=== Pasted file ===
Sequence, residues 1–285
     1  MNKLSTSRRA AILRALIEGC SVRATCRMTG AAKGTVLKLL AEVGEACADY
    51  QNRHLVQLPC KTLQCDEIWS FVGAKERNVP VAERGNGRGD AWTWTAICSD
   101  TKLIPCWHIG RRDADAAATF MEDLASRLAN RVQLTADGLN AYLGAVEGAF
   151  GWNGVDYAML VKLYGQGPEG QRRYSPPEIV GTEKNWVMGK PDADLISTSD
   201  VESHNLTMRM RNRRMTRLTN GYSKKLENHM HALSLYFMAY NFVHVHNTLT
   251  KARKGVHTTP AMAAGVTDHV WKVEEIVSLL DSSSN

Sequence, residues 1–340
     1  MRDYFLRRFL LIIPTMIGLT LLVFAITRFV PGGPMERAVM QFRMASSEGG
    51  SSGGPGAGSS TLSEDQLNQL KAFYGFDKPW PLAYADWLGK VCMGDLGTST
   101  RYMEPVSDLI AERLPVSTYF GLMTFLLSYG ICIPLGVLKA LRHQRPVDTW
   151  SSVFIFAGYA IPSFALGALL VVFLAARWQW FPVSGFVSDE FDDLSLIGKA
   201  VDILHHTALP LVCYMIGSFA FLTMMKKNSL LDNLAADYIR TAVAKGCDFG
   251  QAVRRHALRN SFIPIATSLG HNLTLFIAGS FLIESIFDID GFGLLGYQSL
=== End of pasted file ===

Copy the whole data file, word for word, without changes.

Sequence, residues 1–285
     1  MNKLSTSRRA AILRALIEGC SVRATCRMTG AAKGTVLKLL AEVGEACADY
    51  QNRHLVQLPC KTLQCDEIWS FVGAKERNVP VAERGNGRGD AWTWTAICSD
   101  TKLIPCWHIG RRDADAAATF MEDLASRLAN RVQLTADGLN AYLGAVEGAF
   151  GWNGVDYAML VKLYGQGPEG QRRYSPPEIV GTEKNWVMGK PDADLISTSD
   201  VESHNLTMRM RNRRMTRLTN GYSKKLENHM HALSLYFMAY NFVHVHNTLT
   251  KARKGVHTTP AMAAGVTDHV WKVEEIVSLL DSSSN

Sequence, residues 1–340
     1  MRDYFLRRFL LIIPTMIGLT LLVFAITRFV PGGPMERAVM QFRMASSEGG
    51  SSGGPGAGSS TLSEDQLNQL KAFYGFDKPW PLAYADWLGK VCMGDLGTST
   101  RYMEPVSDLI AERLPVSTYF GLMTFLLSYG ICIPLGVLKA LRHQRPVDTW
   151  SSVFIFAGYA IPSFALGALL VVFLAARWQW FPVSGFVSDE FDDLSLIGKA
   201  VDILHHTALP LVCYMIGSFA FLTMMKKNSL LDNLAADYIR TAVAKGCDFG
   251  QAVRRHALRN SFIPIATSLG HNLTLFIAGS FLIESIFDID GFGLLGYQSL